Most golfers who find their handicap dropping will collect data to monitor their play. This data is converted into stats which they can use to focus on specific areas of their game. Kevin, a regular at The Grateful Golfer, has mentioned many times over the years that collecting and analyzing stats is more than just numbers on a page. I agree wholeheartedly. When I worked I, like Kevin, use stats off the course to determine courses of action or at least recommend a way forward. This analytical process has helped my golf game over the years because I learned to gather and apply fact based results to lower my score. This process of stat analysis is one I used to consistently break 80 and you can as well.
Golf stats can be overwhelming. The PGA Tour has a stat for just about anything. It is actually mind boggling the detail of information gathered and supposedly analyzed. Personally, a regular golfer who wants to break 80 has zeroed in on most areas needing improvement and will look at some specifics, but not as detailed as the professionals.
If you are planning to work at your golf game, I recommend you do capture some statistics. There are many things you can record and it will take some effort to figure out which to improve your game. It really depends on what you are looking to improve. Personally, I only have one stat that is of importance to my game right now; greens in regulation. This particular stat drives the collection of secondary stats, but that is only when I feel there is a disconnect between the results of my score over a five game sample group.
To break 80, as I said earlier, you are deeply involved in stats collection. Of course anyone can collect stats and use them, but likely the more serious player with a low to mid handicap will adopt this approach to their golf game. At this point, Mark Crossfield’s advice on stats collection is important to focus upon:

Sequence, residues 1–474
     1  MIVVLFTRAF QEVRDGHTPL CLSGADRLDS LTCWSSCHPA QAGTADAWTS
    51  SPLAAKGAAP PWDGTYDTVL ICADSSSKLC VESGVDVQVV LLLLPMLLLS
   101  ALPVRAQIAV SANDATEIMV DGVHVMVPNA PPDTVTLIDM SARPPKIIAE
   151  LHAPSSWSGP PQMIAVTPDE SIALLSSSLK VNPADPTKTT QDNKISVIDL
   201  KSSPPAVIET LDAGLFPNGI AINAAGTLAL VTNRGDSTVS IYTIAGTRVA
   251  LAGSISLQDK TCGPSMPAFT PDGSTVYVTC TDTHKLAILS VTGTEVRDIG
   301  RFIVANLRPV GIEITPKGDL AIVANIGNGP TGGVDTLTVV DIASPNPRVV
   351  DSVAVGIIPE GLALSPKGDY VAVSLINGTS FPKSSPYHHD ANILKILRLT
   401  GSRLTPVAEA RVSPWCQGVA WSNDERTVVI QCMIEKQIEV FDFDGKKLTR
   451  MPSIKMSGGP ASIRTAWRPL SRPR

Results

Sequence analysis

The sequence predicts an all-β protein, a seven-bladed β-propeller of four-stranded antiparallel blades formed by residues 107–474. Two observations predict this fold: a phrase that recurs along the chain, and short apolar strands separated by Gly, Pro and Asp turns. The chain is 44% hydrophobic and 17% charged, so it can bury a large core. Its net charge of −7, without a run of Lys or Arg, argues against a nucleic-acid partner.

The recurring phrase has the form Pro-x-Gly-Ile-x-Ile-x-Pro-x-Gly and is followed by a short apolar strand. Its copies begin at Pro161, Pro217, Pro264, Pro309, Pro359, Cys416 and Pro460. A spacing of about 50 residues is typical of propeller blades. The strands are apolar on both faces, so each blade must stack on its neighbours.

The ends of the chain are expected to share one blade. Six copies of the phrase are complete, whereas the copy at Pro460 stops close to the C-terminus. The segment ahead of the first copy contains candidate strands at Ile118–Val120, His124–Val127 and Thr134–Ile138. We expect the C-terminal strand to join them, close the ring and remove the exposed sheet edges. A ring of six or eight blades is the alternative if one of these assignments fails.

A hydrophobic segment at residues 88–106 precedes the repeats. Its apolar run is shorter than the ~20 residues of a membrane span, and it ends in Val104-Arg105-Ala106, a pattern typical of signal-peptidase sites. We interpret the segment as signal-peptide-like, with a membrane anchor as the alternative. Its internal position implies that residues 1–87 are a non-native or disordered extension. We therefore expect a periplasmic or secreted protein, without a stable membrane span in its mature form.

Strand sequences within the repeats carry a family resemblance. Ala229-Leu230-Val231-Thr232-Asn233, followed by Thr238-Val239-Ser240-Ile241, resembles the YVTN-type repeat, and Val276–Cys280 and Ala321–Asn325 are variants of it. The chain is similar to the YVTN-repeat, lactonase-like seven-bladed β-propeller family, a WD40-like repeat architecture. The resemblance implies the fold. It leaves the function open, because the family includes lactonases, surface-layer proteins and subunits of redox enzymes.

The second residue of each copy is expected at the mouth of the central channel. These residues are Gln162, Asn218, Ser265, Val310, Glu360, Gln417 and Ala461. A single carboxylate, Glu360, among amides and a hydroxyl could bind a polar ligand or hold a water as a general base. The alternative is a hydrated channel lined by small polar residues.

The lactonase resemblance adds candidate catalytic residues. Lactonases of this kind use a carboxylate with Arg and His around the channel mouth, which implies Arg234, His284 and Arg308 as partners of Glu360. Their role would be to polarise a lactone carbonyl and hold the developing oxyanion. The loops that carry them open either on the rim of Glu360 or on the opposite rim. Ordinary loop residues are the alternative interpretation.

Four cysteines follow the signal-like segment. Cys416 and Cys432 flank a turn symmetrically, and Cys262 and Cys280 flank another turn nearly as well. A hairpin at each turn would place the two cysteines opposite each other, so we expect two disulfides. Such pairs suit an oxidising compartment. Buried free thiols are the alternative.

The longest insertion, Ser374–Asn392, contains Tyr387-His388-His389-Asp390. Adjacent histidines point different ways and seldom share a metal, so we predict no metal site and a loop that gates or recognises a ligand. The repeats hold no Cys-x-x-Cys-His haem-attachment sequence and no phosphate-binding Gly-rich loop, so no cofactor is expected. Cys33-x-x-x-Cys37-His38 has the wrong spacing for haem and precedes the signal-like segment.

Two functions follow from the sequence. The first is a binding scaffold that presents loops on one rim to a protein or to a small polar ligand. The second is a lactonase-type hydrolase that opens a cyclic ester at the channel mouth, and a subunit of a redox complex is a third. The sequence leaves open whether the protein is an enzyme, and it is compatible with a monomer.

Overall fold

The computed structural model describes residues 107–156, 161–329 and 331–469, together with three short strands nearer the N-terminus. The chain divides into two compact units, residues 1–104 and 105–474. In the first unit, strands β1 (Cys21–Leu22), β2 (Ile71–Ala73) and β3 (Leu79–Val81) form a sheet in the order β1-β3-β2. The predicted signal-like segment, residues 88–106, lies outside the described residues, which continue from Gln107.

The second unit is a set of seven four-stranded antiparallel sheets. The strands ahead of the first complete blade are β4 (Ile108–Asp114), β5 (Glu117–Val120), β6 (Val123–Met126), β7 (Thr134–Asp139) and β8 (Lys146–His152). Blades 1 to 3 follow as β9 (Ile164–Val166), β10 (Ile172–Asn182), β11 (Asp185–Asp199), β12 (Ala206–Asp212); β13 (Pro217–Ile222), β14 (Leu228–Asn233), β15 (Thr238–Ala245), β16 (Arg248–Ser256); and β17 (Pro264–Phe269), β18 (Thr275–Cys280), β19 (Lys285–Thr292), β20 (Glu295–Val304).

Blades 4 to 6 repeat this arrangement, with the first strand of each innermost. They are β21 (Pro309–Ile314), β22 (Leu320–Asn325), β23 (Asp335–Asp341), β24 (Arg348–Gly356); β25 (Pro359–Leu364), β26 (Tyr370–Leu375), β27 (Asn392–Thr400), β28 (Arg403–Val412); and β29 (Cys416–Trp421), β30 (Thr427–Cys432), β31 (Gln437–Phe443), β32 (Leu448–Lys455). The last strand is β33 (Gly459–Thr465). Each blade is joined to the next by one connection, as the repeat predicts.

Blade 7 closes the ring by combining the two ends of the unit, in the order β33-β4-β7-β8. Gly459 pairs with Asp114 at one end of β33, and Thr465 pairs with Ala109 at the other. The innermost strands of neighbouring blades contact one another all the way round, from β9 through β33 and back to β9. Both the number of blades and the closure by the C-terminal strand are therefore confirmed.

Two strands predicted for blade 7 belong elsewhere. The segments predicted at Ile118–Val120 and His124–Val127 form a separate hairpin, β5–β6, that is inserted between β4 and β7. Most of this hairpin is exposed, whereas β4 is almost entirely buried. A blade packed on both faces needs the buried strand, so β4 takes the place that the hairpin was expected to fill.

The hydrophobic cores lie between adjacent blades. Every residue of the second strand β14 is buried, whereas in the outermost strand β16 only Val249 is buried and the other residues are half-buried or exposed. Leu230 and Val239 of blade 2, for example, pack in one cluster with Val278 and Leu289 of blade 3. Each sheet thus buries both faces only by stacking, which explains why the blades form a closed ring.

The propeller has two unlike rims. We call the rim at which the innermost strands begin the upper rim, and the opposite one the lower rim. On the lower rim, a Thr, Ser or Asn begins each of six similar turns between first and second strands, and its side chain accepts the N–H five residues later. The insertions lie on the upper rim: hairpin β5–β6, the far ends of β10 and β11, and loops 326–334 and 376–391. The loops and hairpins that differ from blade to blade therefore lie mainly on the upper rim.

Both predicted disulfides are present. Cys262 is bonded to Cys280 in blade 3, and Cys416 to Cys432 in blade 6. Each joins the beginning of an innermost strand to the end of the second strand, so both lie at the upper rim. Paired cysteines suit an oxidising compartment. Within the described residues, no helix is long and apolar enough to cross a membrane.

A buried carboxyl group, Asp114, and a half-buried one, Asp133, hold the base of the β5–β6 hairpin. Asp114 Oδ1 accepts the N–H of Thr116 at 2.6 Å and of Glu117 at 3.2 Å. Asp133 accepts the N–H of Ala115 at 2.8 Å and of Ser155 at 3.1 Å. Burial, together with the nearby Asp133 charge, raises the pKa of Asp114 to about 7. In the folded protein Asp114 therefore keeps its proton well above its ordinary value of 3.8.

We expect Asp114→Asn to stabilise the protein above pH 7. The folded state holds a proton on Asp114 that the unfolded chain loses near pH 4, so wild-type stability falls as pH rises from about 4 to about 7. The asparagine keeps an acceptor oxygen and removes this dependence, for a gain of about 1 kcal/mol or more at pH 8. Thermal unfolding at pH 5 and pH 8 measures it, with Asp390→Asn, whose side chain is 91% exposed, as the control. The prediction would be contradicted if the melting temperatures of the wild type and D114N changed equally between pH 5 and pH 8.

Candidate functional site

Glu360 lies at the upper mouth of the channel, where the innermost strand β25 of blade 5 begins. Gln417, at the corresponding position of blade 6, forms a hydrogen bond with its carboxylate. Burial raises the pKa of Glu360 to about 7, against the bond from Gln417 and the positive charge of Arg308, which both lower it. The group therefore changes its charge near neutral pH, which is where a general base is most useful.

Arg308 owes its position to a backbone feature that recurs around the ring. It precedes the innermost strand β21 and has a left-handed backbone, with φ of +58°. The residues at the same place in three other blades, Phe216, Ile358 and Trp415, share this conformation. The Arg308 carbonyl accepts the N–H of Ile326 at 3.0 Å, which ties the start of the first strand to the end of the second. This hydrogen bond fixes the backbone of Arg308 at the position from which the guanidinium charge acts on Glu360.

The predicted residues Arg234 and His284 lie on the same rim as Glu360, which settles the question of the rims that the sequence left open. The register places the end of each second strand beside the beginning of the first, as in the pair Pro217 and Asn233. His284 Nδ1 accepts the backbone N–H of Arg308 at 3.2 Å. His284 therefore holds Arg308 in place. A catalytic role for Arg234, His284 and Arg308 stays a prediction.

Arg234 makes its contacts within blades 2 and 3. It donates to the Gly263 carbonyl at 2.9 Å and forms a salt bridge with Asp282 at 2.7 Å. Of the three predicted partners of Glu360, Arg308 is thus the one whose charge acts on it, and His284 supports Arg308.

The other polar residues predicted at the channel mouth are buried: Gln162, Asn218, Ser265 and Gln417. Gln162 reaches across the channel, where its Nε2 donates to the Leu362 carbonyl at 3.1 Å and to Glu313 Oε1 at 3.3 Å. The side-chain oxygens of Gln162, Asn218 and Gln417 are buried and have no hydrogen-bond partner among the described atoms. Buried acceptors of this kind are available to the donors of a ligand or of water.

The accuracy of the data collected is very important. I know this from experience because last year I collected a plethora of stats regarding my game and here is a summary:
|For 18 Hole Scores|
|Putts per Round||29.76|
|Putts per Hole||1.65|
|Distance of First Putts||252.74|
|Average Distance For First Putts||14.0|
|Distance of Putts For GIR||163.1|
|Average Distance Putts for GIR||20.2|
The above information was gather over 50 rounds of golf. As you can see, I spent a fair bit of time collecting data. I think I found, however, is that after about 5 rounds, the numbers became a bit meaningless. Yes, the long term average is important to understand, but it does not really allow me to pinpoint specifics relating to my game. I could delve deeper into my all the data, but that is more effort than need. The one conclusion I garnered from my stats collection from last year is improve my GIR (greens in regulation) percentage and hit the ball closer to the hole. After all that work, I proved what I already knew.
When we break 80 consistently, I needed to collect more specific data relating to specific swing results. For example, to Do my tee shots finish on the left, right or center of the fairway? Because I have a high accuracy off the tee (I counted first cut, if there was one, as a fairway hit) this stat alone was not accurate. There were many shots where I hit the fairway, but had no shot at the green because of position. My data collection did not account for that refinement of information. So, a word of caution, when collecting stats, ensure you are collecting the proper ones and that they are accurate to be able to tell you something.
Golf is a simple game that can be complicated by stat collection. Now I primarily focus on GIR. I can extrapolate many things from this stat and use it moving forward to focus my practice time when hitting my long irons, hybrids, and woods. This simple approach works for my game because I do not want to develop analysis paralysis.
Do you collect stats? Does it help your golf score?
I am a grateful golfer! See you on the links!